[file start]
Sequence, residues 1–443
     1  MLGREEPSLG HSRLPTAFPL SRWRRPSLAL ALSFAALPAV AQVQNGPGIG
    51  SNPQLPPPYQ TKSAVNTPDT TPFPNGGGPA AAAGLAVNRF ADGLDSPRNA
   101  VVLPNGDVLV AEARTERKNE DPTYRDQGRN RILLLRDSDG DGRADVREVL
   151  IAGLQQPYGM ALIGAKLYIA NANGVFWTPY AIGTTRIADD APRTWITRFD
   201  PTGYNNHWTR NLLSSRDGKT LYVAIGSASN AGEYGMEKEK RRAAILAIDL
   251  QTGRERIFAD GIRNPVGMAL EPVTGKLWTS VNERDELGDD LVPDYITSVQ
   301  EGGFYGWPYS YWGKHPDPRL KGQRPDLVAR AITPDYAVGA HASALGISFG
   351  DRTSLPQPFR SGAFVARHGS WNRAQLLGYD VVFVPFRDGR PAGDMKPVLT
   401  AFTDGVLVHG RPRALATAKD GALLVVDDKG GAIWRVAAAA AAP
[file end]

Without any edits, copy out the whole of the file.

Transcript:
Sequence, residues 1–443
     1  MLGREEPSLG HSRLPTAFPL SRWRRPSLAL ALSFAALPAV AQVQNGPGIG
    51  SNPQLPPPYQ TKSAVNTPDT TPFPNGGGPA AAAGLAVNRF ADGLDSPRNA
   101  VVLPNGDVLV AEARTERKNE DPTYRDQGRN RILLLRDSDG DGRADVREVL
   151  IAGLQQPYGM ALIGAKLYIA NANGVFWTPY AIGTTRIADD APRTWITRFD
   201  PTGYNNHWTR NLLSSRDGKT LYVAIGSASN AGEYGMEKEK RRAAILAIDL
   251  QTGRERIFAD GIRNPVGMAL EPVTGKLWTS VNERDELGDD LVPDYITSVQ
   301  EGGFYGWPYS YWGKHPDPRL KGQRPDLVAR AITPDYAVGA HASALGISFG
   351  DRTSLPQPFR SGAFVARHGS WNRAQLLGYD VVFVPFRDGR PAGDMKPVLT
   401  AFTDGVLVHG RPRALATAKD GALLVVDDKG GAIWRVAAAA AAP